Keeping your finger on the pedagogical pulse

Another positive outcome of our recent inset day has been a number of teachers asking me about how to find out about current pedagogical research and thinking. Here are some ideas to help you keep your finger on the pedagogical pulse.

Become a ‘Tweetcher’!

The easiest way to find out what people are talking about in education is to follow some relevant educationalists on Twitter. A lot of great teachers, leaders, writers and researchers are now using Twitter as a means of reaching a wider audience. If you haven’t used Twitter before then it may take a bit of getting used to – this article from The Telegraph is a good guide.

Once you’re on Twitter, here are some of the people who I follow. Obviously there is a literacy theme here, but most of these people write about education more generally.

David Didau @LearningSpy – English teacher, but writes about education generally. In particular, he challenges commonly held educational beliefs by examining the latest research. Recommended!

Daniel Willingham @DTWillingham – writer interested in research in education amongst other things.

TES @tes – good way of staying up to date with the latest TES articles from their website.

Tom Bennett @TomBennett71 – director of ResearchED. More about this later. You can also follow @ResearchED1

Geoff Barton @RealGeoffBarton – secondary head teacher and writer/thinker, particularly about literacy.

Alex Quigley @HuntingEnglish – research lead and deputy head at Huntingdon school. Lots of links to his fantastic blog.

John Tomsett @johntomsett – head teacher with some great ideas about teaching and learning which he shares through Twitter and his blog.

Tom Sherrington @headguruteacher – head teacher of Highbury Grove school. Writes a thought-provoking blog with lots of teaching and learning ideas as well as thoughts about curriculum reform and what is going on at his school. Very interesting account to follow!

Attend events

I recently attended a weekend conference by an organisation called ResearchED with a few teachers from the English department. The website for this organisation is here: http://www.workingoutwhatworks.com/. I am sure there are other similar events going on and the easiest way to find out about these is Twitter.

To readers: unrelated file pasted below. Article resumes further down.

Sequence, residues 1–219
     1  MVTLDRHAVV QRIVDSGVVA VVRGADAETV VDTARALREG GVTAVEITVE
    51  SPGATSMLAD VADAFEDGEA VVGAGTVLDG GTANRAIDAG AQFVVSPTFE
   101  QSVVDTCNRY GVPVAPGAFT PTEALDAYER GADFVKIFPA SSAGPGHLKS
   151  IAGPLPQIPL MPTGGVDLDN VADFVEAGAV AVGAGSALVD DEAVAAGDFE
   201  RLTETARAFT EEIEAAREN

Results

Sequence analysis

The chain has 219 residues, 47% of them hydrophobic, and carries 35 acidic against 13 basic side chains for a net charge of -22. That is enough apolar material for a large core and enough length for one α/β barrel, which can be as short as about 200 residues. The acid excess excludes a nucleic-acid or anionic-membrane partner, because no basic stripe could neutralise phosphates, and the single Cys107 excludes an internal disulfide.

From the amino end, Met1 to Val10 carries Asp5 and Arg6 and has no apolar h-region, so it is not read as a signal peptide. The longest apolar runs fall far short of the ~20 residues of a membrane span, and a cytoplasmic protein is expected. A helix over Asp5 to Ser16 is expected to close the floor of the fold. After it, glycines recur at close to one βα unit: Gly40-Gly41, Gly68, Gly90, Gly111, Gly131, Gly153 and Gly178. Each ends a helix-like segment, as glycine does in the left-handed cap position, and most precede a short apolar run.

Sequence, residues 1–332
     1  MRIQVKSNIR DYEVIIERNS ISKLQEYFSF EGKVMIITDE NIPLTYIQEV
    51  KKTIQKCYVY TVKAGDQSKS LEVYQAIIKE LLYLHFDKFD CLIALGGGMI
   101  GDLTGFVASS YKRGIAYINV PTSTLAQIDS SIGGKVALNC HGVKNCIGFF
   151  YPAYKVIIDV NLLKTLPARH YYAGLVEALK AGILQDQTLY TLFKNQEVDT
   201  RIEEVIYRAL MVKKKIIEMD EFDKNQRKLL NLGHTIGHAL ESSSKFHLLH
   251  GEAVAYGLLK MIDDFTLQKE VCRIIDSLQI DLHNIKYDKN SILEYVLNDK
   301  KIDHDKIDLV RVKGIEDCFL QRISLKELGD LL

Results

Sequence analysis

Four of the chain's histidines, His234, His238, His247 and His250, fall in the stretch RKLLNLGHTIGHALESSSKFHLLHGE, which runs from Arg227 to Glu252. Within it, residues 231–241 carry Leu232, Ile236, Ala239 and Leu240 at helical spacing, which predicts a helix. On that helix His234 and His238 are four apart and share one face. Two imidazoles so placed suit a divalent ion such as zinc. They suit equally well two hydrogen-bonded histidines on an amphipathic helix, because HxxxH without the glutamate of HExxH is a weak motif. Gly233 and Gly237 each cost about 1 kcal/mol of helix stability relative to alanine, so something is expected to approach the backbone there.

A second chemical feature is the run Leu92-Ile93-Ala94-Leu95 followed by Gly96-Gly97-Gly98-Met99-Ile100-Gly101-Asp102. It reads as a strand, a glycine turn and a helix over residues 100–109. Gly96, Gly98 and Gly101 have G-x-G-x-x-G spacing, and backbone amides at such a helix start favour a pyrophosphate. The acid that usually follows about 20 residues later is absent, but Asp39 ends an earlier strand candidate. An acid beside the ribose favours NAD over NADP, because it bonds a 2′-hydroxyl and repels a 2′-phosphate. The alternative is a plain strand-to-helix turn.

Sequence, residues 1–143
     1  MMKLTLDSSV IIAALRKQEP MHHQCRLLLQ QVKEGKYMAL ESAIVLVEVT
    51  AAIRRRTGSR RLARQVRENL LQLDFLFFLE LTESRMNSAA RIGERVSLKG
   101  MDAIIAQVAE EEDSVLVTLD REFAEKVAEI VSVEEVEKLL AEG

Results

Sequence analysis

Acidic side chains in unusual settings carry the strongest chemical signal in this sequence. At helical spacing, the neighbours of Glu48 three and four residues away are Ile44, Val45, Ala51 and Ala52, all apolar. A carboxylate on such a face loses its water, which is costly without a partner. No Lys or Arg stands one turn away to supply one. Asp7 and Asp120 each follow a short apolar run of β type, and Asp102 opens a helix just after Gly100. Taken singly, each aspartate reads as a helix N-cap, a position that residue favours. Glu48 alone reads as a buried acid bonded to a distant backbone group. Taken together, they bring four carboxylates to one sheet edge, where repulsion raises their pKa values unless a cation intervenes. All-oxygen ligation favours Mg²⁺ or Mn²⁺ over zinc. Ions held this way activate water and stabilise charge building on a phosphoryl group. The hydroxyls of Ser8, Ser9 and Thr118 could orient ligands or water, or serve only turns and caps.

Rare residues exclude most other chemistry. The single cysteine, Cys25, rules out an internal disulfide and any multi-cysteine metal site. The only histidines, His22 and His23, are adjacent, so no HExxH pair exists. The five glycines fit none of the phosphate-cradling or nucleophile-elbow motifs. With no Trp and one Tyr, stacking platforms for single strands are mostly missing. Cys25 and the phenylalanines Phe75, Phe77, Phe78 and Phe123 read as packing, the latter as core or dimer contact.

Teachmeets are also a brilliant way to share information and ideas with colleagues. We recently ran a successful teachmeet and there are plans for similar events in the future. Watch this space.

Read books

As we saw on the training day, there is a huge range of books available for interested teachers. There is a collection of these in our school library and this can always be updated if you want particular titles. The TES runs a regular feature which introduces and reviews new books.

Visit the Education Endowment Foundation website

If you’re looking for reliable research, then this is the best place to start. The website (https://educationendowmentfoundation.org.uk/) is very accessible and easy to use. Crucially, it explores the effectiveness of specific strategies and resources so that you can evaluate the likely impact of something before spending time and money.

The most frequently used page on this website is the Teaching and Learning Toolkit which ranks teaching/intervention strategies in order of effectiveness. The research behind each of these can then be explored in more depth. This list of their current publications is also very useful.

You can also follow this organisation on Twitter @EducEndowFoundn

Listen to ‘The Educators’

There is a Radio 4 series called ‘The Educators’ featuring teachers, leaders and thinkers from education talking about their ideas. There is a new series starting tomorrow and you can listen to the archived episodes here on the BBC website.

 

Not all of these suggestions will work for everybody. Whichever you choose, remember that the best resource is often the teacher in the classroom next door. Keep talking to each other and sharing ideas, so that we can find out together what works and what doesn’t.

 

 

One thought on “Keeping your finger on the pedagogical pulse

  1. Debbie and Mel are also great to follow @TeacherTweaks

    Liked by 1 person

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